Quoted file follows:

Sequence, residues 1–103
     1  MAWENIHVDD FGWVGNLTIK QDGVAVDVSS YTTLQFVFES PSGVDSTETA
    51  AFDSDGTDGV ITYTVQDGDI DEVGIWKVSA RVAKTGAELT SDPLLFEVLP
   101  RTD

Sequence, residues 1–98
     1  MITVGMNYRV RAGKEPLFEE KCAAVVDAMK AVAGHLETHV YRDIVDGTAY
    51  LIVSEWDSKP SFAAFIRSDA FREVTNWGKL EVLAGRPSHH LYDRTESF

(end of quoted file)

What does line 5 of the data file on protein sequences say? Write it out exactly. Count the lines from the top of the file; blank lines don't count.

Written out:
Sequence, residues 1–98